Likewise, servants have good eyes. Think about every period movie about British high society you’ve ever seen. Someone pointed out to me that the key to being a good servant was to watch their master’s hands. A good servant could anticipate the need of their master by watching body language and meet the need before it was expressed. I see the same quality in people who serve in my church today. There’s an ability to notice something that’s not being done and jump in before the need is even expressed. When you run an event, you want to stock your team with that type of person.

Leaders today need good eyes. They need to be visionary, and they need to be servants — people with the agility and flexibility to see a need and respond. So, where do we find those qualities in the next generation? As Steve Moore and Tim Elmore remind us, we can look for people who are already serving somewhere. We can look for people who look at challenges and see opportunity. We can look for initiative.

As I mentioned before, we can also look for people who are others-focused, who “watch the hands” of both their managers and their direct reports. They look for opportunities to empower and develop others. They give assignments and then invert the hierarchical pyramid to support their staff in the job they’ve been asked to do. They are quick to give credit to their staff or team for the success they might enjoy.

If you’re looking for servant leaders, start with character. Promote from among your servants.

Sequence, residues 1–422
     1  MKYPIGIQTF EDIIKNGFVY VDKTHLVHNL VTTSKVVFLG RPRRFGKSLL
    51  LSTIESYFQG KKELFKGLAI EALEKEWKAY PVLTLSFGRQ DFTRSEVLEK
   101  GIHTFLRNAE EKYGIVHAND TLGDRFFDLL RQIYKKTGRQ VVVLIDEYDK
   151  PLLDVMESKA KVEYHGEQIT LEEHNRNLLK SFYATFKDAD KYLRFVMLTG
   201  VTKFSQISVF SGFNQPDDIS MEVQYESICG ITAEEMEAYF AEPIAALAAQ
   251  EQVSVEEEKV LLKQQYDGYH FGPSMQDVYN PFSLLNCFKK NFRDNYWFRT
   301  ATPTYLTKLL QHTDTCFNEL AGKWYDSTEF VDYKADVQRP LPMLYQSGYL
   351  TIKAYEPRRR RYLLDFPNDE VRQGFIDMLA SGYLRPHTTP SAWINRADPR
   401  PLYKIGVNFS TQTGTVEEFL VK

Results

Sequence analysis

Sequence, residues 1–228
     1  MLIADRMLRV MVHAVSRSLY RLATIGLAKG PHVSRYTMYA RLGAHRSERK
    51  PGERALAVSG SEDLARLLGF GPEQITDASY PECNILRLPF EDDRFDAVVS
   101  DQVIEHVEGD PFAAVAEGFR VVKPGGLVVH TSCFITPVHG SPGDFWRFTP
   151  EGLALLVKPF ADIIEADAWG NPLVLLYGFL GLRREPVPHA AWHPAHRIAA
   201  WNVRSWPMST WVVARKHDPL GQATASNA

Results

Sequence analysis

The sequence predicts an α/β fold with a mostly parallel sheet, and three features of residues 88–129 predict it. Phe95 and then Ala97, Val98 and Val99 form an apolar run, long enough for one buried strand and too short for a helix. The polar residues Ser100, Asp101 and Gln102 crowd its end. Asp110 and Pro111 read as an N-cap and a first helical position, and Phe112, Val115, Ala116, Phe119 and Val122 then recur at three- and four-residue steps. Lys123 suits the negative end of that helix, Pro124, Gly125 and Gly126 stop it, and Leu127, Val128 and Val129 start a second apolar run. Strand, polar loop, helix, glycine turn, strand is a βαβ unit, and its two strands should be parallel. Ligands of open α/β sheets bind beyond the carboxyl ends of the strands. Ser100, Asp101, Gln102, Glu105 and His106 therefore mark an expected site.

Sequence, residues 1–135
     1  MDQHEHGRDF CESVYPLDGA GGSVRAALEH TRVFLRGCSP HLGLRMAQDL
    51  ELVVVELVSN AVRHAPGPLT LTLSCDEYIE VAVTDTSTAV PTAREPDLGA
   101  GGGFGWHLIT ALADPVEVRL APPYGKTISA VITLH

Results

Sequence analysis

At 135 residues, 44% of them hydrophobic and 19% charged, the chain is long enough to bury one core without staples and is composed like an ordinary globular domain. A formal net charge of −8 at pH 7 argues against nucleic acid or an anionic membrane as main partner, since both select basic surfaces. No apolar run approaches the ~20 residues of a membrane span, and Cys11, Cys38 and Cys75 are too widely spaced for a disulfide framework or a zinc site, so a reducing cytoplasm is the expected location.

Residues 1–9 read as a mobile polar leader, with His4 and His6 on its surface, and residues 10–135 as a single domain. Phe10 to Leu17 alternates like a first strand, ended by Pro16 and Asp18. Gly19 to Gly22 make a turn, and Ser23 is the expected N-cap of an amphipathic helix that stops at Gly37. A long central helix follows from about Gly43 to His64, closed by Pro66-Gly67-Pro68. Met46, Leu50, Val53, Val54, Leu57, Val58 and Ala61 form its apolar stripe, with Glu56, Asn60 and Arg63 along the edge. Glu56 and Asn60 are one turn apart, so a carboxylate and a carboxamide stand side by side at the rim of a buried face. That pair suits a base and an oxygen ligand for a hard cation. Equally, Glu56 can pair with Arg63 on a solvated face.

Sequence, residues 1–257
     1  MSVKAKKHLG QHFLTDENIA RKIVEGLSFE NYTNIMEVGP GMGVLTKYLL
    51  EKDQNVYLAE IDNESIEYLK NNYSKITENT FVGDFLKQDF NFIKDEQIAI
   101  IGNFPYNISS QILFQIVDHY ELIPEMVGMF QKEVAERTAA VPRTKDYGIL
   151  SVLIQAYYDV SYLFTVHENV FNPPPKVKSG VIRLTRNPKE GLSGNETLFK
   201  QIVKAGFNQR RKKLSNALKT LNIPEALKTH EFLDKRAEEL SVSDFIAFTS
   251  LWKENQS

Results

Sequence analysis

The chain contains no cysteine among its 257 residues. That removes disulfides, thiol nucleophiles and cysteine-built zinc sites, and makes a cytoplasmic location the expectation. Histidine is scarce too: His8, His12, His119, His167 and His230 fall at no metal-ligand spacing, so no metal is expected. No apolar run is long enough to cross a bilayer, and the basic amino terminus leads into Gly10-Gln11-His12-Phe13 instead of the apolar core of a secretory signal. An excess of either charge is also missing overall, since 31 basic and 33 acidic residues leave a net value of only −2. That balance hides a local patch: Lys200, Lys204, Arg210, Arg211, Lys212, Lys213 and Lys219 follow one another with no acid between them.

Michelle Braden, president of MSBCoach, did a webinar in January where she listed another list of qualities to identify and develop in future leaders. I just rediscovered my notes from that presentation, and I think her submissions are good additions to our list of seeds:

  • Interpersonal skills – Do they show self-awareness, show good emotional intelligence and use their strengths?
  • Ability to deal with complex problems – and do they show flexibility in how they deal with them?
  • Ability to develop and inspire others – Are they others-focused? Do they value collaboration?
  • Hunger to learn – Are they curious, questioning and aspiring for more? Are they open to people speaking into their life?
  • Visionary – Do they show an interest in the big picture, demonstrate early-stage strategic thinking?
  • Introspective – Do they think before they act? Do they talk about the importance of an integrated life? Are they results-oriented… for the right reasons? What are their motivations?
  • Courage – Do they have the bility to take a stand? Are they willing to take a risk and stand by it?
  • Ability to recover – Can they take the heat and handle pushback? Do they understand the process to recover from failure?
  • Influence – Do they lead out of relationship, without needing a title?

Mmmm. Good stuff here. Again, I’ll save my comments for later posts, but let me add one more from personal observation:

  • A new interest in taking themselves seriously

How about you? What early seeds of leadership have you observed? We’re getting a pretty comprehensive list here.